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Fed has opaque role in financial crisis aid

Largely outside the public view, the Federal Reserve is lending billions to a wide range of institutions but refuses to name the banks and other companies accessing the cash.
/ Source: a href="" linktype="External" resizable="true" status="true" scrollbars="true">The Washington Post</a

Wall Street analysts, congressional overseers and the media have parsed every detail of the Treasury Department's financial rescue program -- $250 billion and counting.

Largely outside public view, however, the Federal Reserve is lending far more than that amount -- $893 billion, roughly the equivalent of the annual economic output of Mexico -- to help a wide range of institutions weather the economic storm.

As of last week, the Fed's loans included $507 billion to banks, $50 billion to investment firms, $70 billion for money market mutual funds, and $266 billion to companies that use a form of short-term debt called commercial paper. It is considering a new program that would make billions more available to prop up consumer lending: auto loans, credit cards and the like.

In lending these vast sums, the Fed is essentially substituting its own unlimited ability to supply cash for that of private markets, which are not functioning normally. The central bank is even fulfilling some of the original goals of the Treasury Department's $700 billion rescue program by allowing financial institutions to use securities that are difficult to sell as collateral for loans.

"The existing system of lending is broken," said David Shulman, a senior economist at the UCLA Anderson Forecast, which analyzes economic trends. "The Fed is coming in to do that lending. That's why they call it the lender of last resort."

But unlike the Treasury's rescue package, which has elaborate disclosure requirements and oversight mechanisms, the Fed lending is occurring quietly and at the discretion of its five governors, as well as top officials of the 12 regional Fed banks. Timothy F. Geithner, president of the Federal Reserve Bank of New York and the Obama administration's expected nominee for Treasury secretary, has been a leading architect of the new lending programs.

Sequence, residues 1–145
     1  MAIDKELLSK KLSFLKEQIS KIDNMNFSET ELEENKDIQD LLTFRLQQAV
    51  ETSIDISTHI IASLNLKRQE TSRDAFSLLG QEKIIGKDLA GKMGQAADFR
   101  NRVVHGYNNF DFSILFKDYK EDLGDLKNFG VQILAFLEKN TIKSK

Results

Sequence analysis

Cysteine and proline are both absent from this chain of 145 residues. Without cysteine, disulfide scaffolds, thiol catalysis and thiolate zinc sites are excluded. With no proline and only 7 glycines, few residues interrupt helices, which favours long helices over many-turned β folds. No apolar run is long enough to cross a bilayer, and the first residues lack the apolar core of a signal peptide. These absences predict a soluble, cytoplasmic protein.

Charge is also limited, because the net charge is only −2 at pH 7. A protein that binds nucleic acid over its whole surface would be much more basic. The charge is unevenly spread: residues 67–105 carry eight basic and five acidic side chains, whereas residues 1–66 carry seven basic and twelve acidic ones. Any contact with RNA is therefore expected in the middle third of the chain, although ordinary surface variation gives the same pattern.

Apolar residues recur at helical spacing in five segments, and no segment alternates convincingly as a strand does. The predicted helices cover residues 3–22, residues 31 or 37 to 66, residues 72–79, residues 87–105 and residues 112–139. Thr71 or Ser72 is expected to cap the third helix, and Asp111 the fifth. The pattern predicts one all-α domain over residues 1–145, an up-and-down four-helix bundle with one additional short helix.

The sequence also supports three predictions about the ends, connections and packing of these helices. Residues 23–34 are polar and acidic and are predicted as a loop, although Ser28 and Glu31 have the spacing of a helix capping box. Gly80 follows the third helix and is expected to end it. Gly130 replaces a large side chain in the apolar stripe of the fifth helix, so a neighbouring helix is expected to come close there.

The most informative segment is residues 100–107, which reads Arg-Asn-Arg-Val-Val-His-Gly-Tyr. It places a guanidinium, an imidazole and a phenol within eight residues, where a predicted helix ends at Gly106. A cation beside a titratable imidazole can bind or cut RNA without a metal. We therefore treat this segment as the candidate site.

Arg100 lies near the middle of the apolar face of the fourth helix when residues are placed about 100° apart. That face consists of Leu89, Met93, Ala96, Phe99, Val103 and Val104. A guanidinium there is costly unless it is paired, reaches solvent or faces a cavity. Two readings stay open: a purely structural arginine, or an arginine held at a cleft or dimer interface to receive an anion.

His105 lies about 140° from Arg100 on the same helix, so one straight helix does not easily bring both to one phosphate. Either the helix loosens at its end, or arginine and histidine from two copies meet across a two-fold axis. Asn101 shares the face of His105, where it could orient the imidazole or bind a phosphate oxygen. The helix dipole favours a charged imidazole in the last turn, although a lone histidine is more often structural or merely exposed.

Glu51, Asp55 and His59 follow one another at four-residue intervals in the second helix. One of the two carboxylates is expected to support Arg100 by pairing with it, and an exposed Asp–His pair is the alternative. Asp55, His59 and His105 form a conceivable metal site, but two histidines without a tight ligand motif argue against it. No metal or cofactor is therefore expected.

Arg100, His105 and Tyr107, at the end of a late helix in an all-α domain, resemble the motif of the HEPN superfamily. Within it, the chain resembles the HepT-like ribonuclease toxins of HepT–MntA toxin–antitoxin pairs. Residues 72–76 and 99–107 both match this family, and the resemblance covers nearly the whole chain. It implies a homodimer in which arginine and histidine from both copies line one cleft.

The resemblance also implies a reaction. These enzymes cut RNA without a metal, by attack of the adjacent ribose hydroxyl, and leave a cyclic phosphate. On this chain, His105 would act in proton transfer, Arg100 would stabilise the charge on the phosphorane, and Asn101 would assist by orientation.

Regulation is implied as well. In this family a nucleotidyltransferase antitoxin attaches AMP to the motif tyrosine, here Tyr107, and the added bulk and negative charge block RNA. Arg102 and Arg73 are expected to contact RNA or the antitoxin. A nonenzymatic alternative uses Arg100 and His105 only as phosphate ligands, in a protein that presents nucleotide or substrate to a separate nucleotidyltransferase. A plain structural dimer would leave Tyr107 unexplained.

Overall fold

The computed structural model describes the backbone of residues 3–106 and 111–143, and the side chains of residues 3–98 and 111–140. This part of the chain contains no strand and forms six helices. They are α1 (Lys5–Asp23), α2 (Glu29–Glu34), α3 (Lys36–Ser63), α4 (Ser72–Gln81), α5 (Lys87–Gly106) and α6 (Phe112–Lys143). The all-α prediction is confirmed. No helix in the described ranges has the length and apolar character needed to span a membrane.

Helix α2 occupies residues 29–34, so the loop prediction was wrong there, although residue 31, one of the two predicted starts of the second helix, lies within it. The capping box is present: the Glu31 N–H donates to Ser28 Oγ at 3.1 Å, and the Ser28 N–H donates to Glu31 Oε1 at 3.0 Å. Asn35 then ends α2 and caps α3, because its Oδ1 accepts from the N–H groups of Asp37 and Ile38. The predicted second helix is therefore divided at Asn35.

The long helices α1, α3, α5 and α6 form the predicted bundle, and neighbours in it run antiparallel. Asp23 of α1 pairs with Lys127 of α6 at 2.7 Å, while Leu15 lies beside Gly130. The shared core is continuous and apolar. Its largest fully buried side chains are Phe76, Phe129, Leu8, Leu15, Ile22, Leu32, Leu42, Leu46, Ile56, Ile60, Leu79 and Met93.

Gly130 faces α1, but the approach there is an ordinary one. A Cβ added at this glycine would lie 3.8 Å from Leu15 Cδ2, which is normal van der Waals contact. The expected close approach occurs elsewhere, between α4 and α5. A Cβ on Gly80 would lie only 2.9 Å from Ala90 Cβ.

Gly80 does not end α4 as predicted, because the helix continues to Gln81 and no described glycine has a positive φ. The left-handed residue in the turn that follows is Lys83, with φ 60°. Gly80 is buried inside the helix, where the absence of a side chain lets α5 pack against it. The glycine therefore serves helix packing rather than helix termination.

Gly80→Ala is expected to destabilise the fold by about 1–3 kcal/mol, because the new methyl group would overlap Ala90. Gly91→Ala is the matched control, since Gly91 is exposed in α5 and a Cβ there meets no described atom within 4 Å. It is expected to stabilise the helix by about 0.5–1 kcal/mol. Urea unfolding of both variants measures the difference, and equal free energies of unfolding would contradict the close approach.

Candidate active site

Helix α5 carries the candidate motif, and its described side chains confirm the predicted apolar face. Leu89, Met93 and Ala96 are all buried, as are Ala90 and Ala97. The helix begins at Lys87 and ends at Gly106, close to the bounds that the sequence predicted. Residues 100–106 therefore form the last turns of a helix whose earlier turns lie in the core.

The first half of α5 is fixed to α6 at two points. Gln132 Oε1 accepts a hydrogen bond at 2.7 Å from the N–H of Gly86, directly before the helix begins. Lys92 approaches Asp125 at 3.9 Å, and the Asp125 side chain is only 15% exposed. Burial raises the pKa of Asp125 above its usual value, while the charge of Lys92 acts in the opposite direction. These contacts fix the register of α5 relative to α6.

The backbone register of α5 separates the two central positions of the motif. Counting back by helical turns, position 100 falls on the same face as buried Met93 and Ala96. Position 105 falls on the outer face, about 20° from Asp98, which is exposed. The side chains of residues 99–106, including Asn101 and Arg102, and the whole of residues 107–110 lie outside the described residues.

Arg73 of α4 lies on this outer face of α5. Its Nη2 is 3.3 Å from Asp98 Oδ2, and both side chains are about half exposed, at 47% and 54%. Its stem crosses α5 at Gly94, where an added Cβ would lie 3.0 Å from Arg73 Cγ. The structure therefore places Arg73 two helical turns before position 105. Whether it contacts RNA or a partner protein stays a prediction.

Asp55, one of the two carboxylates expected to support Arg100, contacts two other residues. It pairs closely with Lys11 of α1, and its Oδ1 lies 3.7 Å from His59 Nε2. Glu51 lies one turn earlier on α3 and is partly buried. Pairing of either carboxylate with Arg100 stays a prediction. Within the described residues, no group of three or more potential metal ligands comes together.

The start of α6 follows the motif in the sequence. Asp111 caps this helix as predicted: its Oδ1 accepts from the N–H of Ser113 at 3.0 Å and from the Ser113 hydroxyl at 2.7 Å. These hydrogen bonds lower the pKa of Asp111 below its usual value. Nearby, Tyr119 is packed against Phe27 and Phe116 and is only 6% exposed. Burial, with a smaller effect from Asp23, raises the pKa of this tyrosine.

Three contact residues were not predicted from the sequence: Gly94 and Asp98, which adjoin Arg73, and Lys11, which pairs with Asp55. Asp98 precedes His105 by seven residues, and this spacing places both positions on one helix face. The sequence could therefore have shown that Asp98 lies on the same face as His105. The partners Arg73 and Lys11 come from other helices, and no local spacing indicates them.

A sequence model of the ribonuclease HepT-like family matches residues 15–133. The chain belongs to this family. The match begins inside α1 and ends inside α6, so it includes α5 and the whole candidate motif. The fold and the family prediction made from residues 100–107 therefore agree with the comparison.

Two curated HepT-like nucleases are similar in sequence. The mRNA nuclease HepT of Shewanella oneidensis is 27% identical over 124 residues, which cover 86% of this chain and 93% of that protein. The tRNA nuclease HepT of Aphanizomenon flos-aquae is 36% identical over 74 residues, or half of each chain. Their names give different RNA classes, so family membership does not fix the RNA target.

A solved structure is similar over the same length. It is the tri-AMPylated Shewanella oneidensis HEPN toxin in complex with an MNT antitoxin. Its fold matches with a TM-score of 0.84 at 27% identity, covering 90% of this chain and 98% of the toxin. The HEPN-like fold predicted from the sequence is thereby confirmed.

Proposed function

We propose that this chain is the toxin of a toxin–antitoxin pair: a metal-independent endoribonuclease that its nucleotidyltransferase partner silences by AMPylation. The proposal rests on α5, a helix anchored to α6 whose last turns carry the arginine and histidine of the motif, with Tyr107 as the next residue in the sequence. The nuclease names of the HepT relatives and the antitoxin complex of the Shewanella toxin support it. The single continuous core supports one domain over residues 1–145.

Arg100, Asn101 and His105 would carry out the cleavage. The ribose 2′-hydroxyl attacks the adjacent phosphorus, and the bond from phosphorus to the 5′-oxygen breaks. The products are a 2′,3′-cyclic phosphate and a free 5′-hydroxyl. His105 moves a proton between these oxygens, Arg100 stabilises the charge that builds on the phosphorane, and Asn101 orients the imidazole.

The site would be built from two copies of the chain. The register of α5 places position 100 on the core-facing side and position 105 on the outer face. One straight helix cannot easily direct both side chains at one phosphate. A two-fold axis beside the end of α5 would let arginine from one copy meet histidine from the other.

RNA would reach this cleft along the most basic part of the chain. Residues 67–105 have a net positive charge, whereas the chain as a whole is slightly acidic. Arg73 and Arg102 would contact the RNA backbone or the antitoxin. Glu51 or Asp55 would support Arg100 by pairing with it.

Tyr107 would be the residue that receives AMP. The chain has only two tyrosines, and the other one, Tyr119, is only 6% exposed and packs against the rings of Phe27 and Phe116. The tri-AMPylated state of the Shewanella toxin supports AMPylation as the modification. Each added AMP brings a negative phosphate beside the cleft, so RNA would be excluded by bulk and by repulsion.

Banks, companies accessing cash not named
Following a long-standing practice designed to protect investor and depositor confidence in the institutions it deals with, the Fed refuses to name the banks and other companies accessing the cash. It has also declined to specify which assets institutions have pledged as collateral in exchange for loans, a decision that has drawn skeptical questioning from Capitol Hill and at least one lawsuit under the Freedom of Information Act. Fed officials argue that any disclosure along those lines would create a stigma for banks and others that need to borrow from the Fed, making the programs less effective at jump-starting lending.

"There's a concern that if the name is put in the newspaper that such and such bank came to the Fed to borrow overnight for a good reason, that people might begin to worry: Is this bank credit-worthy?" Fed Chairman Ben S. Bernanke told Congress last week. "And that might create a stigma, a problem, and might cause banks to be unwilling to borrow."

Bernanke also said there is little chance taxpayers will lose money on most of that lending, because the central bank lends money only to institutions it views as sound and requires that the collateral borrowers put up be worth more than the amount of the loan.

Outside experts generally agree that Bernanke has been prudent in his decision-making, but they note that Fed lending to support the purchase of Bear Stearns and the government takeover of American International Group entails greater risk than the central bank usually takes on.

Fed lending expands